Alabama's proposed revised state science standards still weak on evolution and now even weaker on climate change

Rows of empty desks and chairs.

Photo by MChe Lee on Unsplash.

"The Alabama Board of Education plans to make minor changes to its science course of study, but has no plans to remove a textbook insert" that mischaracterizes evolution by natural selection "as a controversial theory," according to (November 15, 2023).

Alabama's standards are historically not strong on evolution. A 2009 study in Evolution: Education and Outreach assigned the grade of F to its previous standards for their treatment of evolution, while a 2017 study in the same journal assigned the grade of D to the treatment of evolution in its present (2016) middle school standards. The treatment of evolution in the proposed revised standards (PDF) is not significantly different.

As's story observed, in 1995, the Alabama state board of education began to require the insertion of a disclaimer mischaracterizing evolution as a controversial theory in biology textbooks in order to bring them in line with the state science standards. The disclaimer was subsequently revised, in 2001, in part to refer to evolution by natural selection; the disclaimer was then readopted in 2005 and again in 2016.

In the 2016 standards and in the proposed revised standards, however, neither evolution nor evolution by natural selection is mischaracterized as controversial, leaving no pretext for retaining the disclaimer. A plausible conclusion is that the board wants to retain the disclaimer only to discourage Alabama's science educators from teaching, and Alabama's students from learning, that evolution is a central, unifying, and unrivaled principle of modern science.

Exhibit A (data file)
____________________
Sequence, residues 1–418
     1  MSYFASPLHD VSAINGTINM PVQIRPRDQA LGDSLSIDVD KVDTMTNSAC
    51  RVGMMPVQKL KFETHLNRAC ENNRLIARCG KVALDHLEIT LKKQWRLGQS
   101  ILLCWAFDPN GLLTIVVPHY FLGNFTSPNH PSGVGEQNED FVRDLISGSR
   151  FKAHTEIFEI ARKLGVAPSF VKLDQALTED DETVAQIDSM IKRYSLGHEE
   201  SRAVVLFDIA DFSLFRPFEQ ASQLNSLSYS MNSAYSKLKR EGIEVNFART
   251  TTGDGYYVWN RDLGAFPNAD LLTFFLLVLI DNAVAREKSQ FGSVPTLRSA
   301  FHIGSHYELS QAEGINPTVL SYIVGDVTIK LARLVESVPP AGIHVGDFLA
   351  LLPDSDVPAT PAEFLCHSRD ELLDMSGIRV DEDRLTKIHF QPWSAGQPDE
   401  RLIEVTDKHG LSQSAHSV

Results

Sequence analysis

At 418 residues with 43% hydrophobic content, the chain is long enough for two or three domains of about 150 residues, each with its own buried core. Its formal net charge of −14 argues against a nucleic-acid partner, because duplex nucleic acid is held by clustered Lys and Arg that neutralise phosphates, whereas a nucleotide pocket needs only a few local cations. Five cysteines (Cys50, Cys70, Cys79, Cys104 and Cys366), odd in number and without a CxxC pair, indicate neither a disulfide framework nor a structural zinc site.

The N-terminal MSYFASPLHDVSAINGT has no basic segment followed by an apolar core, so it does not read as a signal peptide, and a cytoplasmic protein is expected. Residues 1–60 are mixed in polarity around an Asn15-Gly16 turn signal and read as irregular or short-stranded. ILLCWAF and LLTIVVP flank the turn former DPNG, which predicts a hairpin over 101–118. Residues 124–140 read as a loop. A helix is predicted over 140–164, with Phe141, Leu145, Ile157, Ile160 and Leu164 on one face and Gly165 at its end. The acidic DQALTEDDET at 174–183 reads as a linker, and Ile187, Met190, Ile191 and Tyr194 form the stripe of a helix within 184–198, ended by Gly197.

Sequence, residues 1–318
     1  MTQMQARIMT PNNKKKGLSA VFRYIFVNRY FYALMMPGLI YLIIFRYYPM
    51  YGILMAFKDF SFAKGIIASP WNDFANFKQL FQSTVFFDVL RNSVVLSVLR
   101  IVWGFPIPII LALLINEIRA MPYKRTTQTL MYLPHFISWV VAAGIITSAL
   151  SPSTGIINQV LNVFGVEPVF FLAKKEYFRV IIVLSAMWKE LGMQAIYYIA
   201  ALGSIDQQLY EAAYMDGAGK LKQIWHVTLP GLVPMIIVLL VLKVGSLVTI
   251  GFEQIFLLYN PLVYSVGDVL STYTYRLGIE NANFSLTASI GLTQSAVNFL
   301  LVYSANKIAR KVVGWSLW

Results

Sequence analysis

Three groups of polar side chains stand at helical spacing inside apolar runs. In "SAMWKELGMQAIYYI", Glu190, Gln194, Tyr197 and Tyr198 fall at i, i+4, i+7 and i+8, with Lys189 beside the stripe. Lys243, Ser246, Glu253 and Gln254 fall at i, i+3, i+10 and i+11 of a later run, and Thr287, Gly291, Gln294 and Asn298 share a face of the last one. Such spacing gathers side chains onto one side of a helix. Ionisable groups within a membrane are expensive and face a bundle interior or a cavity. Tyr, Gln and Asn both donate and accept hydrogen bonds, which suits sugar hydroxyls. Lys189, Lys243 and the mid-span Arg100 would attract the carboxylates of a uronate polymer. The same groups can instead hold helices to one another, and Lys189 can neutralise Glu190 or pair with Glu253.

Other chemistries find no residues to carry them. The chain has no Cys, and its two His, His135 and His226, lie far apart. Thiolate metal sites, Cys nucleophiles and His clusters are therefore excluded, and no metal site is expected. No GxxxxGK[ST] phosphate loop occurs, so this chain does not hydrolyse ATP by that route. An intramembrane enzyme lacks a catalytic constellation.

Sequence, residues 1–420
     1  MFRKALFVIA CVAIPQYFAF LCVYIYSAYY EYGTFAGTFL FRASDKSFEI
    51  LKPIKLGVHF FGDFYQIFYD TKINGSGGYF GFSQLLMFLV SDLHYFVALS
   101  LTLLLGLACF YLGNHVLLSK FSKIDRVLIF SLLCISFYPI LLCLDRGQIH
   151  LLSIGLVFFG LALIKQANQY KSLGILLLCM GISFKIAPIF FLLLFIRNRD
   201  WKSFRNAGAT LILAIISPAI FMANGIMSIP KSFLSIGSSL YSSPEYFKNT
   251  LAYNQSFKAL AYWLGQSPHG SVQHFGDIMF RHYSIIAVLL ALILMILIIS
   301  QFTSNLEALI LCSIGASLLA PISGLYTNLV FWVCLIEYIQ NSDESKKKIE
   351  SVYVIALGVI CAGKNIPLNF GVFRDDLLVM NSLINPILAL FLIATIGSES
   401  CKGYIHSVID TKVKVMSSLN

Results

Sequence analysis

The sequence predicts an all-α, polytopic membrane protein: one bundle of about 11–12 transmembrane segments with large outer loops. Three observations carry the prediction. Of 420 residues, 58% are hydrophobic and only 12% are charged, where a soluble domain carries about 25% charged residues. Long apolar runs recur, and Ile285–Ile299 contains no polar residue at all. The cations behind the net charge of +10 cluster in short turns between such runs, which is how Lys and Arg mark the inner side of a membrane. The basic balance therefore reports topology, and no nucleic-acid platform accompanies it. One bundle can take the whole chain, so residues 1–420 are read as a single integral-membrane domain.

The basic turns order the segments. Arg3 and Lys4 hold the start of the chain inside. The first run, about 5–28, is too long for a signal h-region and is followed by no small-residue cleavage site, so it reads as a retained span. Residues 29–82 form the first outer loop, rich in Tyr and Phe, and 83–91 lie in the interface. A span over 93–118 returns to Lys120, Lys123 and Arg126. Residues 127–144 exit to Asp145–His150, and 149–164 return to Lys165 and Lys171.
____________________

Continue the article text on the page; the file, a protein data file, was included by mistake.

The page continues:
The treatment of climate change is actually slated to deteriorate. When NCSE and the Texas Freedom Network Education Fund evaluated the treatment of climate change in all the state science standards in 2020, Alabama's standards were among the worst in the country, earning the grade of F. The single middle school standard that addresses the human and natural causes of global warming in the 2016 standards is removed from the proposed revised standards.

John Archibald, a columnist for (November 21, 2023), excoriated Alabama's education leaders for the deterioration of the standards with regard to climate change, quoting NCSE's Glenn Branch and Blake Touchet in the process. "A stated goal of the new standards is to 'prepare all students to succeed in our global economy and society,'" he wrote. "But this is like sending our children into a whodunnit without a clue."

The proposed revised state science standards are posted online for public comment until November 27, 2023. NCSE encourages Alabamans to register their concerns with the state department of education about the inadequate treatment of evolution and climate change.

Glenn Branch
Short Bio

Glenn Branch is Deputy Director of NCSE.